Gritsforbreakfast said...

I'm with you, RS. My favorite C&W song of all time is his "Georgia on a Fast Train."

Pam said...

Sending out the police only on verified alarms would certainly be a good idea. Every time someone opens the door at our church after hours the alarm goes off and we can't afford the fees charged, which go up with each succeeding false alarm.

Anonymous said...

Forgiving my daughter's killer--wonder how she'll feel if that murderer decides to commit more violent crime.

I find it difficult to understand the disloyalty involved with forgiving someone who deliberately took your child's life.

23 years isn't enough. I'd be inclined to kill the guy.

Gritsforbreakfast said...

7:12, the difference is she lived through the experience and you're just anonymously shooting off your mouth. Christ forgave his own killers, after all; that you can't understand why someone would do so says much more about you than it disparages her.

Anonymous said...

I don't think it disparages me in the slightest. I have read some psychological stuff about it--one school of thought is that the person who did it has so much power over the victim's family that one way to deal with the power asymmetry is to exercise the power of forgiveness. In any event, there is NFW I would ever ever forgive someone who deliberately murdered my child, nor would I forgive the jerks at the parole board who decided to let him out after a scant 23 years. And you may consider it bluster--but I would definitely want to put a bullet in his head.

Anonymous said...

My daughter was murdered in 1985 and I am still "living through the experience". I do not know how anyone can forgive a person who takes the life of your child for no reason. Yes, your initial thoughts are to find them and kill them, but in today's society consummating those thoughts puts you in the same class as the killers.

You must let the criminal justice system do it's thing, pitiful as it is in most cases. Im my "case" a guilty plea was made in exchange for??? who knows for sure. The shooter is sent to prison and his attorney requests he be allowed to serve his time in another state for fear the victim's father will have something bad done to him. Inmate is transfered out of state to do his time.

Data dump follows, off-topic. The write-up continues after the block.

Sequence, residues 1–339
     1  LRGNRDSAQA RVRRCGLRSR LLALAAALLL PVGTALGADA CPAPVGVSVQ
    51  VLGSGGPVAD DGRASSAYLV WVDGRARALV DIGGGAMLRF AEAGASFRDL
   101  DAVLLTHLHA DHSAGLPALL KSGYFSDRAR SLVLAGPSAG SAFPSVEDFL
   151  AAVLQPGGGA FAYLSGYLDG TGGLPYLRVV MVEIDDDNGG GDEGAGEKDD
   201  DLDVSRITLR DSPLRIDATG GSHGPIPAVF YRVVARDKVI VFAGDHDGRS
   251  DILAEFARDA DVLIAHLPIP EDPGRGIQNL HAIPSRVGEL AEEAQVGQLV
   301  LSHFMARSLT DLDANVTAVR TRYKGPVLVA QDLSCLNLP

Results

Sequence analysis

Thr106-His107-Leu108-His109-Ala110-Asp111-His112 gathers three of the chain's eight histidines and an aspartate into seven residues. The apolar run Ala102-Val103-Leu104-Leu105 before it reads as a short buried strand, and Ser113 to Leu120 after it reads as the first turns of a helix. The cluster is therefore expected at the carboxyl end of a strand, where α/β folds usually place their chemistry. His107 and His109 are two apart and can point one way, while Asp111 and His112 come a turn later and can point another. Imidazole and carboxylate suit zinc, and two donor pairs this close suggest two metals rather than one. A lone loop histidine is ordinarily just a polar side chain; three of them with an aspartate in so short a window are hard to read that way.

Inmate is paroled in spite of stained institutional record and requests from victim's relatives for denial. Parole folks also allow inmate to return to his home state, California, because that is where his family is and the victim's father is not.Is this the same board that I read on this blog, has no compassion? Yep!.

The killer and his companions were caught as a result of the reward posting (There was no connection between the victim and the POS; he was shooting at someone else, missed, and the errant projectile struck my daughter who just happened to be walking on a public street at the same time). Local business men and Crimestoppers offered a large reward for information concerning the persons responsibile. Thank God for Crime Stoppers

I'll be the first to admit that Jesus Christ did a lot I could not and I am very thankful for his presence.

Retired 2004

Anonymous said...

How in the world is it disloyal to forgive someone who killed your daughter. People who have lived through the experience should know best how to deal with their anger and loss. Reading a book certainly provides limited insight. Please show the woman some respect. Do you think that she hasn't thought of how she would feel if he did something else. Imagine how discouraging it would be to live a life of bitterness and hate and to withhold the release of that because of what someone might do next. By the way, forgiving someone has nothing to do with what they might do next. It has to do with what they have done.

I have incredible respect for that woman.